Van Morrison and the Technique of How to Live
When I finish a book, I go back and re-read what I have highlighed, which reinforces that Resonant Thing inside of me. My posts often consist of articulating and amplifying this resonance, so that hopefully it will resonate in you as well. (In my book this is symbolized ≈. That with which ≈ resonates is ¶.)
I finally finished this book on Van Morrison that I started reading at least a couple of months ago. This morning I've decided to review the scattered passages I highlighted. In what follows, you may see that a kind of narrative emerges, one that is certainly relevant to me, but perhaps to you as well.
"I don't want to just sing a song... anyone can do that... something else has got to happen" (VM).
America exists as an emotional idea, both within its own people and the wider world.
The BBC depended upon imported American records during the Second World War.
Port cities throughout the UK emerged as centres of Britain's growing popular music scene.
... jazz, blues, country records, all saturated with the spirit of America, the sound of a far-off new world dream, where even songs of poverty, hard work and harder luck seemed magical.
"Blues isn't to do with black or white; blues is about the truth, and blues is the truth" (VM).
... if 'having the blues' is a cultural shorthand for feeling down, then 'singing the blues' is surely something else -- suggestive of resistance and endurance.
Sun's going down, nightfall gonna catch me here. --Robert Johnson
... the blues can sound like anything -- it is in performance that they become "truth."
"I wanted to make my own blues, my own soul music, to do something of my own with it. That's where I'm coming from" (VM).
So he wanted to take the tradition, and innovate within and beyond it.
... these songs were not necessarily born to be sold, to be "listened" to for pleasure or "consumed" by others; other imperatives came to bear upon their coming into being.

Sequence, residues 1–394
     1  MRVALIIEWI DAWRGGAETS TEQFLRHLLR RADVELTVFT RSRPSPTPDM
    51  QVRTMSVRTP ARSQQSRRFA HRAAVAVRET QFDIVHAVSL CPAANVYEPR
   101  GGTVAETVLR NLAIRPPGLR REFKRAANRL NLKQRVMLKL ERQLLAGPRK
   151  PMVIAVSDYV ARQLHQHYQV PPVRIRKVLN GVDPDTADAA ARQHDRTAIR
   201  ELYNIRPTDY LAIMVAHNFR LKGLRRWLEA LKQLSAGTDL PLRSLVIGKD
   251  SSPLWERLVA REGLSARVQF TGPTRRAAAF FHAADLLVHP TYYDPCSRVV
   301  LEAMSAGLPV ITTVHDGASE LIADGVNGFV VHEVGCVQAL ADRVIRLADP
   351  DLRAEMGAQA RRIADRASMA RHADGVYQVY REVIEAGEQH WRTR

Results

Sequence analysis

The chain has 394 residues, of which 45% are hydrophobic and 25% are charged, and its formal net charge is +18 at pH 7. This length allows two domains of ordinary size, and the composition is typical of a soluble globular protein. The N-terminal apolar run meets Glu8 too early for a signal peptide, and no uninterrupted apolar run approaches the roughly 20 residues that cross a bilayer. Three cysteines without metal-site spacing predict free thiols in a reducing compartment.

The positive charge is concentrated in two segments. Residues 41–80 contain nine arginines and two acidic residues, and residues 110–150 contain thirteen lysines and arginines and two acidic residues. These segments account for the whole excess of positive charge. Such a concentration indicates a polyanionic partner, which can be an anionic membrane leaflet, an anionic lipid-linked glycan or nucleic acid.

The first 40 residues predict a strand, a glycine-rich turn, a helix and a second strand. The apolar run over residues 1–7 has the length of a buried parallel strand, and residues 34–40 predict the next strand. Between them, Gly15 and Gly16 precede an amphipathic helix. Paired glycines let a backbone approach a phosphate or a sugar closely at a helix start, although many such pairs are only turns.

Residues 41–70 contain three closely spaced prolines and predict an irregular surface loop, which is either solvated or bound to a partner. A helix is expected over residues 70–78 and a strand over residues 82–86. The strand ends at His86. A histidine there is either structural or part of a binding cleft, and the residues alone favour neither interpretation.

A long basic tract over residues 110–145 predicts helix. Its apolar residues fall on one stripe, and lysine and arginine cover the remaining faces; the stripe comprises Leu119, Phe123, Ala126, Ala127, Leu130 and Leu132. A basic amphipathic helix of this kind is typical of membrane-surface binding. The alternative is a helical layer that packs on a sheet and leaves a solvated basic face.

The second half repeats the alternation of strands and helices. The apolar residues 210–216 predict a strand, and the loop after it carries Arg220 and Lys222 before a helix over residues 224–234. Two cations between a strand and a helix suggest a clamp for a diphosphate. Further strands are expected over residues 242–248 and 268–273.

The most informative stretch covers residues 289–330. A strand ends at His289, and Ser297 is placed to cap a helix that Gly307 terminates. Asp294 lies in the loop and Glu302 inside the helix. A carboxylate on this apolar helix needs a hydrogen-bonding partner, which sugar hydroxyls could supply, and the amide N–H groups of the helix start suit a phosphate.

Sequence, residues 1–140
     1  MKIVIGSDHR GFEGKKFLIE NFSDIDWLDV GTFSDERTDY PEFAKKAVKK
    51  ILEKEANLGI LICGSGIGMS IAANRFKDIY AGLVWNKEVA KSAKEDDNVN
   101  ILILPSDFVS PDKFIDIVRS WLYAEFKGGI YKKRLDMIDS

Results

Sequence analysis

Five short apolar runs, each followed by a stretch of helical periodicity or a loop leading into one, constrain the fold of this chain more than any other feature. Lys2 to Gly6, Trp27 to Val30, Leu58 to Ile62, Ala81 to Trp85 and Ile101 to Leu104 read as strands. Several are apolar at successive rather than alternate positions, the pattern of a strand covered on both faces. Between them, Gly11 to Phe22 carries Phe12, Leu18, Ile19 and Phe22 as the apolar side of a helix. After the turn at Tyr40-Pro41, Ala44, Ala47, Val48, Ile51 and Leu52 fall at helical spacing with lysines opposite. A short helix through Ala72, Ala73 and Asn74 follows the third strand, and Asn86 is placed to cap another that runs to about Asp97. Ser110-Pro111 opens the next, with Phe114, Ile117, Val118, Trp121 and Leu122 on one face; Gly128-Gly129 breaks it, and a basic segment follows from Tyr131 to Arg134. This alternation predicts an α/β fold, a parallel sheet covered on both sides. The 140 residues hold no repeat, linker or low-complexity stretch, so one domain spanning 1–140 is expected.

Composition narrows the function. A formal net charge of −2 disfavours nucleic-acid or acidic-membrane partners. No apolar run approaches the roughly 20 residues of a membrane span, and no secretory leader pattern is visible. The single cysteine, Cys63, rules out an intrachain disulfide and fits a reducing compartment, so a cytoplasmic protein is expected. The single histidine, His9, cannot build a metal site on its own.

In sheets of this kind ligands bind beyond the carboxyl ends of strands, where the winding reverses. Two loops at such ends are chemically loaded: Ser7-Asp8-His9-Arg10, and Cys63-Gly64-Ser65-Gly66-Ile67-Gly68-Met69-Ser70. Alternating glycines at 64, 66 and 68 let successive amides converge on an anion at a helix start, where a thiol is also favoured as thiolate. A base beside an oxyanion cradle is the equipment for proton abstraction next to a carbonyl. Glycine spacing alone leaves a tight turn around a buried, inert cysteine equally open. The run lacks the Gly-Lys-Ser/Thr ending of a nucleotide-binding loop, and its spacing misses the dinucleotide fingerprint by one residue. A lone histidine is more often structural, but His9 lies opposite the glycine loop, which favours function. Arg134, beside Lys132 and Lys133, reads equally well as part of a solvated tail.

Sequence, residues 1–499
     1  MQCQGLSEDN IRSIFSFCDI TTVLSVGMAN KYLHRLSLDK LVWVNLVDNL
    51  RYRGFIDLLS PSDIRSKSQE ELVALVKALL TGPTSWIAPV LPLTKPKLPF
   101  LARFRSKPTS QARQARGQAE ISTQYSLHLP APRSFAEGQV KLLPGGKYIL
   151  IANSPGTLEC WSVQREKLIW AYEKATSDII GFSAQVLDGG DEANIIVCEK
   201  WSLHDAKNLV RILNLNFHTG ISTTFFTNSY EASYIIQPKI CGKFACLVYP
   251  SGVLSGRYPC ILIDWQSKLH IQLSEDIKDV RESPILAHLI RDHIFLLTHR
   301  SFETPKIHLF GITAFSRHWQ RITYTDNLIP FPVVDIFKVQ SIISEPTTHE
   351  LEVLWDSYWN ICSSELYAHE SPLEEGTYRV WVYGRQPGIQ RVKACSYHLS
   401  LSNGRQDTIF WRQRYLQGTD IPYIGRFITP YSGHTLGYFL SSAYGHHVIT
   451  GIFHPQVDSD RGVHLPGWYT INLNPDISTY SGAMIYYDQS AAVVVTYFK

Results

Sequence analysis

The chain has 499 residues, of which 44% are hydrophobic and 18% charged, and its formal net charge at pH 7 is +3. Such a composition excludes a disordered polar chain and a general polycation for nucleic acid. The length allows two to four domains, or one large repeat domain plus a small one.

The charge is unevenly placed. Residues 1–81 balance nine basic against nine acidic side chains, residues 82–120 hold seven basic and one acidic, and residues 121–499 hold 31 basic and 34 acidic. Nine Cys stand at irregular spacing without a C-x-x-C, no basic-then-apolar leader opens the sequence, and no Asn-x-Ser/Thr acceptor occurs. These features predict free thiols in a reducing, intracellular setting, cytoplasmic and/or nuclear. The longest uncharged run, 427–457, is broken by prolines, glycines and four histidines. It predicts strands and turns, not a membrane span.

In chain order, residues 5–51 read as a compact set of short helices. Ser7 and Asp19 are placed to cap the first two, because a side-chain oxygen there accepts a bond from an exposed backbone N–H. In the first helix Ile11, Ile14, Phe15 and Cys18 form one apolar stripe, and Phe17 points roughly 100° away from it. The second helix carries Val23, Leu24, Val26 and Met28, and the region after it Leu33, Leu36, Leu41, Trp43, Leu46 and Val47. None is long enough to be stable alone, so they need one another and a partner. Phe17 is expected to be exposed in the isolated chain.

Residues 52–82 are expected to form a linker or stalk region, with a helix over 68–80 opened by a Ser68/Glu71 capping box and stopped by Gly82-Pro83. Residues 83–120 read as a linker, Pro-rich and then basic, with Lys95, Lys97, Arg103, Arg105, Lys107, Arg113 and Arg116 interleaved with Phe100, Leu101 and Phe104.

Morrison was perhaps at the deepest point of his interest in the metaphysical power of music -- music as healing force.
"Jazz is not a kind of music, it is an approach, and it applies to how one goes about finding their voice, relating to a tradition, stepping into the unknown and swinging" (Ben Sidran).
... Morrison has called it "the sense of wonder," the unconscious living in the now, that seems to fall from us as we make the transition from childhood to adulthood, from innocence to experience.
Paul McCartney once described the riff of Ray Charles' "What'd I Say" as "the riff of the universe... that just keeps going forever."
[Gloria] is simplicity of a near-primal kind... the feel -- that which cannot be transcribed -- is everything.
[Gloria is] so pure, that if no other hint of it but this record existed, there would still be such a thing as rock and roll.
"How can a 51-year old sing that? I can't relate to it. Why am I expected to, anyway, at 51? I wrote it when I was 20. I was never paid for Brown Eyed Girl" (VM).
The memory of it [the Garden] is both a thorn in the side, a reminder of the Fall, but also a spur on to working towards some kind of return.
So there is this literal use of the term [healing] to consider, and it is certainly part of Morrison's deeper interest in music, in its nature and its "secret power."
"Any kind of art or music is involved in healing, whether it's rock 'n' roll or classical music, it's all healing.... All this is just the foreground, but the background is something else."
... the ancient roads are under our feet, criss-crossing what appear to be our fixed navigational material realities, hidden but perceptible.
This is the role of the ancient highway, to provide a link between the "forgotten" reality and the present material circumstances...
"He's after the musical technique of how to live" (Patrick Kavanagh).
Samuel Becket said that the most he could dare to hope for was to make or leave "a stain on the silence".... [His] ambition was to create what he called "a literature of the unword."
"The expression that there is nothing to express, nothing with which to express, nothing from which to express, no power to express, no desire to express, together with the obligation to express" (George Duthiut).
Distrust the artist who tells you they know exactly what their work is "about."
In Morrison's art, silence is at the centre, and sometimes when he approaches that centre on a good night onstage -- when something is about to happen -- the conditions need to be absolutely right or it won't happen.... [It is] where the commonplace can become the marvellous.
... silence is a positive presence, rather than a vacuum, or an absence. It is an aspect of being, rather than non-being.
Q: ... [Y]ou seem to sing somewhere between your throat and your heart.... [I]s that the zone you want to both come from and resonate in other people, the heart?
VM: Eventually it'll get into the heart. That's what the eventual goal is -- Exactly.
Why was I writing this kind of material when my contemporaries weren't? So I wanted to find out where I stood and which tradition I came from. Well eventually I found out that the tradition I belonged to was actually my own tradition. It was like being hit over the head with a baseball bat. You find out that what you've been searching for you already are. --VM